Ad Fontes

Politics, Theology and Christian Humanism


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Establishment and the Church of England

Yesterday I spent the day in Oxford for Affirming Catholicism’s The Established Church: Past, Present, Future conference. The speakers were Nigel Biggar (Oxford professor of moral and pastoral theology), Matthew Grimley (Oxford tutor in 20th-century British cultural and religious history), Mark Chapman (Oxford reader in modern theology), Judith Maltby (Oxford reader in church history), Elaine Graham (Manchester professor of social and pastoral theology) and William Whyte (Oxford lecturer in modern history).

Of these, only Biggar and Graham entered into explicit arguments in support of the establishment of the Church of England, and perhaps did so because they alone specifically dealt with the future of our establishment arrangements. Biggar presented a clear and concise argument for establishment based on political and moral philosophy, while Graham presented a compelling version of the sociological argument from localised social capital. Continue reading


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Church disestablishment and freedom

Alan Wilson, Bishop of Buckingham in my former diocese, has written a blog post (supposedly based on Andrew Brown’s post about slavery/freedom, atheism/religion, which reads like a lesson on how to perform keyhole surgery with a monster truck) about how Denmark is a wonderfully free country with an incredibly established state church, and this makes church establishment good for the rest of us. He even includes a picture of Fred Phelps of the infamous Westboro Baptist Church, holding up his God hates fags placard, to show us what religion looks like when it’s privatised!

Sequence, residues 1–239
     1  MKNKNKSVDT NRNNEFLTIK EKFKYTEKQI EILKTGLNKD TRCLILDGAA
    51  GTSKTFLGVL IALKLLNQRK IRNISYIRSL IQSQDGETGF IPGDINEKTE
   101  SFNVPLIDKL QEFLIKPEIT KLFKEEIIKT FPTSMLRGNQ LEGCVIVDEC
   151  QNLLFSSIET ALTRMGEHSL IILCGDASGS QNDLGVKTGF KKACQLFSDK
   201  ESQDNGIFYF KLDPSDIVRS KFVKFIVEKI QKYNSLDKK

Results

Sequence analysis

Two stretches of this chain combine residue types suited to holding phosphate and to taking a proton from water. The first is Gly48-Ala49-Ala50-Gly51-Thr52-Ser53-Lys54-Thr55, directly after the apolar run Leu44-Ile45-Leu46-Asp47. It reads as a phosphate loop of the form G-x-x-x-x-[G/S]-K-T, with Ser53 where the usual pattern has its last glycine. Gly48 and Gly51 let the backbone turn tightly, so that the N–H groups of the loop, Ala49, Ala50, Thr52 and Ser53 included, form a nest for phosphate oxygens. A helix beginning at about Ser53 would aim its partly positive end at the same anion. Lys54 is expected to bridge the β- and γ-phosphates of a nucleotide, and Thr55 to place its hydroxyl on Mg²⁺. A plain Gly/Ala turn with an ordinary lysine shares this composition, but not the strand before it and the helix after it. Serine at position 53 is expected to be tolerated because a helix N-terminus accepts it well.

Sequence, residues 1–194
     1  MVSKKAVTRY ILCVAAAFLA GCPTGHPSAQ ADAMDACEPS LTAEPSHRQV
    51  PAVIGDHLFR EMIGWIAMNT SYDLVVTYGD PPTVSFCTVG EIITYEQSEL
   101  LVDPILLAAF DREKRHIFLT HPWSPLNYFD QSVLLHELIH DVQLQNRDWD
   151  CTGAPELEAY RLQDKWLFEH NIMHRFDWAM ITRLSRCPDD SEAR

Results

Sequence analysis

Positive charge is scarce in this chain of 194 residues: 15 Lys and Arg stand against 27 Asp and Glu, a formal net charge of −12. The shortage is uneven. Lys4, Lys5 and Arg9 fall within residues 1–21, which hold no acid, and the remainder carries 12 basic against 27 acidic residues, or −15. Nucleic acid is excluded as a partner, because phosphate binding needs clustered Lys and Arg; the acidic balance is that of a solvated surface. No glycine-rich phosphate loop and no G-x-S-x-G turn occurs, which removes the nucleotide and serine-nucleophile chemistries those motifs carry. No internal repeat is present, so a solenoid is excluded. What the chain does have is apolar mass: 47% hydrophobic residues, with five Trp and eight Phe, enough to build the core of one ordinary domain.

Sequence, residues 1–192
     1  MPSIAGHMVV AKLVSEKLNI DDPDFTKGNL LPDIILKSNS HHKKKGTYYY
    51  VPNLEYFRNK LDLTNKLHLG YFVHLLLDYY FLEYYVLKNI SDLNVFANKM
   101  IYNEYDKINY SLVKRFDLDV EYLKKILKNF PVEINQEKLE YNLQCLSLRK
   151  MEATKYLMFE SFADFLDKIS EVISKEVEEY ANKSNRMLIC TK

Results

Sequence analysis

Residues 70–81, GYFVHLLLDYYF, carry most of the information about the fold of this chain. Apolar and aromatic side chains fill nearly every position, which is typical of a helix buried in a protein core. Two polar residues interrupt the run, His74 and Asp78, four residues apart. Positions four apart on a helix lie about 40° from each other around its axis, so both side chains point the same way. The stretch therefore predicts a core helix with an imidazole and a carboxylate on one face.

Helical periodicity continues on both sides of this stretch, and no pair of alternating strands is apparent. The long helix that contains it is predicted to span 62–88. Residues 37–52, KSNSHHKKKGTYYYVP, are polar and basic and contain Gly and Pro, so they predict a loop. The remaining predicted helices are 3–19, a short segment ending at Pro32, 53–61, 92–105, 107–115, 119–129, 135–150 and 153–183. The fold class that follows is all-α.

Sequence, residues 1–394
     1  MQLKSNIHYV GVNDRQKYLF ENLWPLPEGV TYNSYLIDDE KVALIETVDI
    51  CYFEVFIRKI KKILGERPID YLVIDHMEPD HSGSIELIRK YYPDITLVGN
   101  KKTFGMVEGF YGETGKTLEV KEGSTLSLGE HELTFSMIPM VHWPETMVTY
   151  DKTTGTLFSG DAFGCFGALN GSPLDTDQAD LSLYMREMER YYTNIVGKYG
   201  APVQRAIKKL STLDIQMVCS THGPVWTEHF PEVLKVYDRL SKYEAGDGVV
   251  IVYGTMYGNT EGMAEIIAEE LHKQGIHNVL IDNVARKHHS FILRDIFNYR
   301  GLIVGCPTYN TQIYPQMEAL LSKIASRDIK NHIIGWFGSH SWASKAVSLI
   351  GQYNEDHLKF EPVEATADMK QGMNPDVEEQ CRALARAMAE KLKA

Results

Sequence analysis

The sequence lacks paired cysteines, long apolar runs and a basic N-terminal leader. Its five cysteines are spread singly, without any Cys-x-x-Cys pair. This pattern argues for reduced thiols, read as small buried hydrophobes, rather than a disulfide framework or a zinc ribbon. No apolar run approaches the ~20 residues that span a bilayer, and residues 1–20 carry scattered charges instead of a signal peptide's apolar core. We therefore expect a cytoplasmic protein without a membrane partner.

The perfect societies of Scandinavia is a popular meme in British discussion on social and political issues. The fire behind this smokescreen is that Scandinavian countries have managed their natural resources fairly well, remained relatively homogeneous and retained moderately successful social democratic systems. The two latter reasons mean that the real wealth from natural resources is fairly well distributed. This is a Good Thing, but one cannot take the close church-state relationship in Denmark, transplant it elsewhere and make elsewhere look like Denmark.

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